It pays to be mentored

After my Skype call with Manuel today, I found renewed energy and perspective to see myself through unemployment.

Manuel is my “career mentor,” well at least I consider him so. He holds a director position at a graduate program in a university in the US. Four years ago around May, I e-mailed him regarding the graduate program. In December of the same year, he went home to the Philippines for Christmas, and invited me to personally discuss with him prospects of attending the graduate program in his university. I brought with me then my CV–it was sort of an unofficial meet-up, but a meeting nonetheless. He was thrilled at the possibility of me joining the graduate program; so was I, but I ultimately decided to work first. I can always pursue grad school in the future. Incidentally we both play tennis and follow the Tour, which made for an instant connection.

When I was discerning to resign at the law firm, I wanted to hear from an older soul who knows a thing or two about career directions. He was the first person I thought of. We talked over Skype on a Sunday afternoon, Japan time.

My mother, who learned about my chat with Manuel today, probed a little bit about this “appointment”, if you will. In the middle of our conversation she asked, “well does he know that he is your mentor?” It made me think for a second, and responded with “whether or not he knows is irrelevant. I’m not after labels, I’m after the wisdom and the relationship. But I consider and thus call him my mentor.”

The minds of people experienced in their fields and/or in life are a treasure trove of wisdom. I realize that many people misconstrue and not fully grasp mentorship, its value, and the benefits it offers.

MISCONCEPTION 1: Mentorship is for a boss and a subordinate, or an older superior and his/her “next in line.” I consider Manuel my career mentor–we got ourselves introduced to each other when I was still in college. Until now, I come to him for advice which he willingly provides. He’s not my boss, or an elder colleague. In our case, he’s someone I e-mailed for official business and whom I happen to have things in common with (Filipino, tennis lovers, University of the Philippines alumni).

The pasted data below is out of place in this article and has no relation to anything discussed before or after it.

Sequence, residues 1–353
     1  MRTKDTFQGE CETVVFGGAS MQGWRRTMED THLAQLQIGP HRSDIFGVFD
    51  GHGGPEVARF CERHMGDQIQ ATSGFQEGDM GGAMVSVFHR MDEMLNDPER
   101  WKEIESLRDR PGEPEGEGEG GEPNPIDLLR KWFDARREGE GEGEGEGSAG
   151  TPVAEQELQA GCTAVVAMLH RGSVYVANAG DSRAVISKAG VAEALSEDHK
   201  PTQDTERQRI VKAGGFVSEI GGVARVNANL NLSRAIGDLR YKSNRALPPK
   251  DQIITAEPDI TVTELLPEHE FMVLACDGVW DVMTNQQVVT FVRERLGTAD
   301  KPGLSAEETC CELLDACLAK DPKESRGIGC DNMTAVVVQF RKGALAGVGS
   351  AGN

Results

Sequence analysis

MISCONCEPTION 2: Mentorship is one-way. I will throw an assumption here: it is not only me who gets something out of this relationship (i.e., tips and wisdom), Manuel too. A busy professional like him would have been unwilling to spare an hour or two for an otherwise parasitic symbiosis. Manuel gets fulfillment from being of help to a young determined individual. I myself would devote time (and even money) for an opportunity to add value to another person’s life.

MISCONCEPTION 3: Mentors are scarce. I’m the youngest member in our tennis club, and I love it! Why? Because I’m surrounded with wise people. When I’m not playing tennis or watching a tennis match I am often seen deep in a conversation with my “aunts” and “uncles” at the club. I listen, and I learn. Not all people are selfless, yes, but it’s human nature to give. Whether they are experts in their fields with busy schedules or plain wise from experience and in life, mentors are everywhere. It is not difficult to find one who will offer guidance in a heartbeat if you have the humility and drive to ask. There’s an abundance of wisdom in the world, but few are willing to carry a basket.

When I received another rejection e-mail I immediately reached out to Manuel. He was eager to sit down and talk about it, willing to offer suggestions. Manuel told me that having gone through the final stages of two international applications is telling. He gave me a pat on the back. I also got plenty of insights from our talk today, which was great! But ultimately I feel grateful to have a mentor to turn to when my career isn’t certain and sunshiny.

 

 

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